Advanced210.79 (0.48–1.29)721.00 (Ref)1560.87 (0.65–1.15)2680.80 (0.62–1.05)0.23
Lethal140.63 (0.35–1.14)571.00 (Ref)1130.83 (0.60–1.14)2000.82 (0.60–1.10)0.71
Age 40–49 yr
Low grade (GS ≤ 3 + 4)1060.76 (0.62–0.93)6891.00 (Ref)10100.90 (0.82–0.99)7030.76 (0.68–0.85)<0.0001
High grade (GS ≥ 4 + 3)571.38 (1.03–1.86)1971.00 (Re)3181.01 (0.85–1.21)2550.99 (0.82–1.19)0.23
Organ-confined1320.86 (0.71–1.03)7491.00 (Ref)11260.93 (0.84–1.02)7850.78 (0.71–0.86)<0.0001
Advanced330.98 (0.67–1.44)1461.00 (Ref)1850.83 (0.66–1.03)1530.85 (0.67–1.07)0.16
Lethal240.95 (0.61–1.49)1071.00 (Ref)1330.83 (0.64–1.08)1200.95 (0.73–1.24)0.78
Year before
questionnaire (1991)
Low grade (GS ≤ 3 + 4)7781.04 (0.94–1.15)8691.00 (Ref)5870.97 (0.87–1.08)2740.82 (0.72–0.95)0.003
High grade (GS ≥ 4 + 3)2841.08 (0.91–1.29)2641.00 (Ref)1801.07 (0.88–1.30)991.13 (0.89–1.43)0.68
Organ-confined9011.08 (0.98–1.18)9521.00 (Ref)6481.00 (0.90–1.11)2910.82 (0.72–0.94)0.0008
Advanced2110.99 (0.79–1.22)1571.00 (Ref)880.98 (0.75–1.28)611.37 (1.00–1.86)0.11
Lethal1690.95(0.74–1.22)1141.00 (Ref)601.01 (0.74–1.39)411.48(1.02–2.15)0.05

a Organ-confined disease: stage T1/2N0M0 at diagnosis that did not progress to metastasis or death during the follow-up period. Advanced disease: stage T3b/4 or N1 or M1 at diagnosis or prostate cancer death or distant metastasis during follow-up. Lethal disease: prostate cancer death or metastases to bone or other organs before the end of the follow-up period.

EPM = ejaculations per month; MV = multivariable; HR = hazard ratio; CI = confidence interval; GS = Gleason score.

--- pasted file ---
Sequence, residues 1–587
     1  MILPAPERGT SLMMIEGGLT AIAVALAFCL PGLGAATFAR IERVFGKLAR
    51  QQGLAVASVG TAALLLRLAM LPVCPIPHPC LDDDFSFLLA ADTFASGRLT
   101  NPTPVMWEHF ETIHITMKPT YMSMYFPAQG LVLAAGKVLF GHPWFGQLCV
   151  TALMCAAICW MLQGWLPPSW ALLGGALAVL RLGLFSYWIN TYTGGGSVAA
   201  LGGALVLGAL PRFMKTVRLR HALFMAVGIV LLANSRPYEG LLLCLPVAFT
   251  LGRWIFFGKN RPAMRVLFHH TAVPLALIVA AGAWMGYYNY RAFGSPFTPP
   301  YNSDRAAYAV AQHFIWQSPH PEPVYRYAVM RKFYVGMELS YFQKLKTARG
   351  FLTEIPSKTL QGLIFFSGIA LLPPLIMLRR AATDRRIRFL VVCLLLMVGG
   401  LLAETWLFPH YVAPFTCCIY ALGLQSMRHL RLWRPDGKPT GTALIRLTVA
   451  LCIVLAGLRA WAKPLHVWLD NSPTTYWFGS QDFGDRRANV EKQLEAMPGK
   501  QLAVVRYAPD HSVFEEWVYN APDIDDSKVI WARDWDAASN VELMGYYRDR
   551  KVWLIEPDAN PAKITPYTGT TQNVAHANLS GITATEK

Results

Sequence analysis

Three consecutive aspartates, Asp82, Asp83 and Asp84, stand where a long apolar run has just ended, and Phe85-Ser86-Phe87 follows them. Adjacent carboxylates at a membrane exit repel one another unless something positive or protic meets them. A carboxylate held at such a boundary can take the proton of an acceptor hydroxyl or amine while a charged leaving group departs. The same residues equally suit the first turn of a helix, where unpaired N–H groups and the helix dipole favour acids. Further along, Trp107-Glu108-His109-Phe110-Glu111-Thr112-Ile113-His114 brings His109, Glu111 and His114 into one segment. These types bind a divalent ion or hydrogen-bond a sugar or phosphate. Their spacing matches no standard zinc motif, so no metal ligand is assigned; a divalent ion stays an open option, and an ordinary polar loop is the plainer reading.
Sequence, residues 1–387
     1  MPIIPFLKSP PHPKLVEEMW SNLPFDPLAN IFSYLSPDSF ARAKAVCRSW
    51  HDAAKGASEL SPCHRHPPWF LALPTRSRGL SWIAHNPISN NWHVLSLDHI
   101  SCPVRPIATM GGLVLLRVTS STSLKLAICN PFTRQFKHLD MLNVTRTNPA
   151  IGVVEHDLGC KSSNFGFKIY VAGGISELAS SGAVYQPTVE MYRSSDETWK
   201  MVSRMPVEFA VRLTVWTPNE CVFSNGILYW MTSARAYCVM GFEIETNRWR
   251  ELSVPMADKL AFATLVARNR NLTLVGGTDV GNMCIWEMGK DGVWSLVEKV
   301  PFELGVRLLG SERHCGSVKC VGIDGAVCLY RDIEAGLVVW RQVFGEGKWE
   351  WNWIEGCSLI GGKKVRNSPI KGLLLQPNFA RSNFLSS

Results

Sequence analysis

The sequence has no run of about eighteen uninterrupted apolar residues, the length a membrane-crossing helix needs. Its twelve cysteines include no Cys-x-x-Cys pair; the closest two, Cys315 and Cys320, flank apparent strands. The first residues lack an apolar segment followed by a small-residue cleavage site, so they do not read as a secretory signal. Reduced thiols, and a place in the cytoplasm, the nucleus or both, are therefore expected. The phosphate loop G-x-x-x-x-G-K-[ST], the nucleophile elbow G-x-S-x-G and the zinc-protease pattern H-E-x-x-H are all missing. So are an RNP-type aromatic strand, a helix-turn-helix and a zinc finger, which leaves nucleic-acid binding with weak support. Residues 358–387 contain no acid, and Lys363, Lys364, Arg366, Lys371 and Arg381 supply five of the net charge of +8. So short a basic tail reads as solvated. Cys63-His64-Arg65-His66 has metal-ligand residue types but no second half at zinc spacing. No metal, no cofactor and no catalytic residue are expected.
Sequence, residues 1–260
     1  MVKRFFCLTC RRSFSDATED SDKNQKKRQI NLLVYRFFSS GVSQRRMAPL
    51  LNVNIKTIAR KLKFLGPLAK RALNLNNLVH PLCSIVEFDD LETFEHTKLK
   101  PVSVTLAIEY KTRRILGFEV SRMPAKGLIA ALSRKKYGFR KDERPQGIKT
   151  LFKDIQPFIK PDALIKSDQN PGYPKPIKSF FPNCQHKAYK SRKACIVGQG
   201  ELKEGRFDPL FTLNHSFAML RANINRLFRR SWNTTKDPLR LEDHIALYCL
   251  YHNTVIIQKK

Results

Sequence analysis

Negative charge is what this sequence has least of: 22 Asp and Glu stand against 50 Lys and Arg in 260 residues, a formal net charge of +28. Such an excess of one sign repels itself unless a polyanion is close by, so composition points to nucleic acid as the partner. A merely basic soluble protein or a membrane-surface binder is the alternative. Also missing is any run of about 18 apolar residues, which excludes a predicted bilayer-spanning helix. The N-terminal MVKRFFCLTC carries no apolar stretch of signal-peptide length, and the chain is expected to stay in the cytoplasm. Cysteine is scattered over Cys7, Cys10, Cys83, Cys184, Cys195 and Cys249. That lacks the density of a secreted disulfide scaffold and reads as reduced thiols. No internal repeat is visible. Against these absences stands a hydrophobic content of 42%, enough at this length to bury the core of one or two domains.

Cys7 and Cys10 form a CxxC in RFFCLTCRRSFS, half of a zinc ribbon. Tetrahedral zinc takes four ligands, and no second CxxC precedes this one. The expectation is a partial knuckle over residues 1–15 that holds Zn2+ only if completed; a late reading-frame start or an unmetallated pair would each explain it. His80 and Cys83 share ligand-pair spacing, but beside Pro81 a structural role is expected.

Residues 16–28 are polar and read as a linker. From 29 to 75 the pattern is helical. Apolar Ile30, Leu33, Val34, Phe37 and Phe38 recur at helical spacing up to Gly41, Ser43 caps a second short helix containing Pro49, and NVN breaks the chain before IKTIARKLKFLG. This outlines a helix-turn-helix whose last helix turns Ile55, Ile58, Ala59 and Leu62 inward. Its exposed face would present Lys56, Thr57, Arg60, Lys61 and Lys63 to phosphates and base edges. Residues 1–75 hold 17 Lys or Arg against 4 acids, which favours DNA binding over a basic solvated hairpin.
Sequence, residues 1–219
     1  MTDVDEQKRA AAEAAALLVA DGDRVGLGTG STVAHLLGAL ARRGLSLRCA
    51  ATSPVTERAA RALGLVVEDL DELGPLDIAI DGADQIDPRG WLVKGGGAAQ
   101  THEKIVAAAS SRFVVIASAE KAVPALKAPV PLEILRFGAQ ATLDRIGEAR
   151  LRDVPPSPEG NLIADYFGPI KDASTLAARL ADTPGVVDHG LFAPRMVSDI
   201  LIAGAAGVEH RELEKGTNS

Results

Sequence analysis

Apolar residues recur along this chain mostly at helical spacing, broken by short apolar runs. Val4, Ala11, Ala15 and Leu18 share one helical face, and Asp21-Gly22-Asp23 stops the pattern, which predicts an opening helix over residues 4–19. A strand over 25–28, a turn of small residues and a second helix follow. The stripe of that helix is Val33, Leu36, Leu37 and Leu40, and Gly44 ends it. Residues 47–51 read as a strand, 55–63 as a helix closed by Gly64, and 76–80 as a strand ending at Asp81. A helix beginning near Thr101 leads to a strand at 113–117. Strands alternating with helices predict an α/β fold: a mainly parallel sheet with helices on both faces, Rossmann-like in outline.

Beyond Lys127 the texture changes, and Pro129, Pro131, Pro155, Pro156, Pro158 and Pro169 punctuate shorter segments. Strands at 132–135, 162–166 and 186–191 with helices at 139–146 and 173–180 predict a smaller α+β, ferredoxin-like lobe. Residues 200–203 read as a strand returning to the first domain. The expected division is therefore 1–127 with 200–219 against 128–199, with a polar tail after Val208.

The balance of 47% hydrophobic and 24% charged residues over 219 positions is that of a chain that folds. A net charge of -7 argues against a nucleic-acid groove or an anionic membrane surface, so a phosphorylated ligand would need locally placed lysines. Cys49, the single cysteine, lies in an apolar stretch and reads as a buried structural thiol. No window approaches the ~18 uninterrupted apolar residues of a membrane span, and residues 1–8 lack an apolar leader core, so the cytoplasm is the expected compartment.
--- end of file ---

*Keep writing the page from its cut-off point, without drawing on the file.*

Sensitivity analyses, including analyses excluding men diagnosed with PCa in the first 4 yr of follow-up and analyses restricted to a screened cohort, produced results similar to the overall findings (Supplementary Material and Supplementary Tables 4 and 5). Several stratified analyses were conducted to explore potential effect modifiers. Results stratified by age at baseline, age at diagnosis, BMI at diagnosis, and history of vasectomy provided no evidence that any of these factors modified the association between ejaculation frequency and PCa risk (data not shown).

3.3. Competing causes of death

Because ejaculation frequency may be an indicator of health status, we fitted the multistate model in Supplementary Figure 1 to examine PCa incidence over time across the four NCCN risk groups and the cumulative incidence of lethal PCa in light of other causes of death. None of the ejaculation categories was significantly associated with changes in PCa-specific survival after diagnosis, but categories for the lowest (0–3 EPM) and highest (≥13 EPM) frequency had a higher risk of other-cause mortality (Supplementary Tables 6 and 7). However, the predicted probability of events over time for men who were cancer-free at age 50 yr (Supplementary Fig.) shows that the reduction in PCa risk in the highest category cannot be fully explained by death from other causes. Additional details on the results from this analysis are included in the Supplementary Material.